Posted by & filed under books, JavaScript.

Book cover of HTML5 CANVAS
  • Author: Steve Fulton, Jeff Fulton
  • publisher: O’Reilly Media
  • pages: 652


Finally one extensive book over the Canvas element. This should attract the more creative ( Javascript ) programmers. I find it hard to describe the entry level of this book, however I get the feeling that novice to medior (JavaScript) developers should get along with the book.


I like the introduction of the all the canvas properties, the authors filled the book with easy to follow comprehensive examples. The examples let the reader experiment with the features of Canvas. Most of the examples have some minor cross-browser issues since the canvas element is not stable yet, but the book describes these issues open and sincere which I liked. After the reader gets acquainted with the canvas element the books start with game programming and animation mathematics. The animations and math reminds me of former actionscript book, but still I learned a lot from these chapters. Flash cannot be compared one-on-one with canvas regarding; performance, animation, collision detection and resource management.

After the game sections the book briefly touches mobile applications with phoneGap and 3d with webGL. I liked these sections but I am not sure if these sections are relevant for this book.

But still the canvas is an amazing element and this books opens up a new world in html, for example chapter 5 shows some impressive examples of how easy it is to combine video with canvas; transformations, bitmap filtering its all possible. It is exiting to see that every new browser generation will be faster and will open new possibilities.

It would be nice to see some additional information in the next edition regarding business applications, for example how to overcome sandbox issues when uploading images to canvas.


But overall I can recommend this book to every developer who wants to be creative with the web. This book provides a solid path for developing Canvas games/ applications with a solid performance. The books product page

Posted by & filed under JavaScript, JQuery.

Get the source at Github

For a larger project of mine i needed to find a way to rotate cavas elements on mousedrag. So here’s my attempt to create this user interface functionality.

Source and example

Watch the demo

rotate canvas demo

Seperate steps

First I divided the script into logical steps to simplify the problem.

  1. create a update function for the canvas.
  2. setup the mousehandlers to register the “drag” event
  3. create a helper function to calculate the angle between 2 coordinates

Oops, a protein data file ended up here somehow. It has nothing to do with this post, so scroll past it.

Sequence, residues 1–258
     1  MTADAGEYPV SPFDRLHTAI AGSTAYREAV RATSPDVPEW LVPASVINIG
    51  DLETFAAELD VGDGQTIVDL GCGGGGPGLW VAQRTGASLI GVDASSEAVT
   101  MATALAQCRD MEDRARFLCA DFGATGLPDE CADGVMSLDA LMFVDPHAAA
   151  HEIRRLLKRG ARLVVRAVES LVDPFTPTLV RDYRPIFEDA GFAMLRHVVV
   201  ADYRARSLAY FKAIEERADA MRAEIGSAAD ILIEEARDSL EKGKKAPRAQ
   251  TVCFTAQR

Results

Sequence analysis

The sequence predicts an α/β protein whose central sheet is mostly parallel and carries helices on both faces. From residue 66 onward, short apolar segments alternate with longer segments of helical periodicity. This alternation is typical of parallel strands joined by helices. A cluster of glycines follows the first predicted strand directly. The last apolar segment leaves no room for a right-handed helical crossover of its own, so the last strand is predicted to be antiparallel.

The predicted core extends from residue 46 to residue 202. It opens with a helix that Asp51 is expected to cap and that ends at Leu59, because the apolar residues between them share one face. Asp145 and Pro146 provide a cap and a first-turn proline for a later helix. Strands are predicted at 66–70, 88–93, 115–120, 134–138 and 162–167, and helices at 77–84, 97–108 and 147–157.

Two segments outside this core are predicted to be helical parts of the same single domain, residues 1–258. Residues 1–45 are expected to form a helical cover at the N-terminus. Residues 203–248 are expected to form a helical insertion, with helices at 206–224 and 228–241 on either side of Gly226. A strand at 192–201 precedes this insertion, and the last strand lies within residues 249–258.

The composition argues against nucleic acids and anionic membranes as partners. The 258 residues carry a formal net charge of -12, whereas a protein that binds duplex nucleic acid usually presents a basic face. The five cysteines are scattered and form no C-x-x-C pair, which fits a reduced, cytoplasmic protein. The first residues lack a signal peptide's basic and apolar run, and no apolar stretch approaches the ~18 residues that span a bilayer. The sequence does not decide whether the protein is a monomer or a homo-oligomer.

The key for this functionality is that the starting angle of the drag always differs. This causes the canvas drawing to jump to unwanted angles if the script does not compensate for this.

$( model.cnv ).mousedown(function(event){
    // calculate click angle minus the last angle
    var clickAngle = getAngle(cX + offX, cY + offY, event.clientX, event.clientY ) 
       - model.angle;
    $( model.cnv ).bind("mousemove", clickAngle, function(event){
      // calculate move angle minus the angle onclick
      model.angle =  ( getAngle( cX + offX, cY + offY, event.clientX, event.clientY  )
       - clickAngle);

I have not tested the script with other shapes than rectangles and squares, but the script should work fine as long as the canvas elements have ‘bounding box’ with a width and height. Of course this example is a starting point and the interface could use some custom cursors or icons.

Posted by & filed under books, JavaScript, JQuery.

Javascript the definitive guide: book cover
  • Author: David Flanagan
  • publisher: O’Reilly Media
  • pages: 1100


Novice to advanced this book will open the web as your playground, a full course on JavaScript including the new features and API’s of HTML5. It will be hard to find any topic about JavaScript which not discussed in this book.


First a short introduction about me as the reviewer of this extensive Javascript book. I have worked with JavaScript for about 6 years, the last 2 years I dived more deeply into JavaScript, the main reason for this is freedom. I was mentally unrestricted in Flash and Actionscript 3, and I needed to free my mind for javascript as well.

Before this book I have read two other O’Reilly JavaScript publications; JavaScript the good parts and Javascript Patterns. Both excellent books to get a firm grasp of : structure, development and best practices of JavaScript.

For me the timing was right to dig deeper into the “framework” of JavaScript.

It immediately became clear that a lot of research has been packed into this book. The first sections explains the core features of Javascript this should get the reader quickly programming JavaScript in a right way. It is nice to see that the code examples in this section are short and self explanatory.

I read the second part with a lot of fun, this section fully prepares developers for ECMAScript 5 and HTLM 5. I learned a lot of new stuff and browser specific details. Possible pitfalls implementing new standards are clearly described. Some of the chapters I really liked were: Handling Events (17), Scripted Media and Graphics ( 21 ) and HTML5 API’s (22).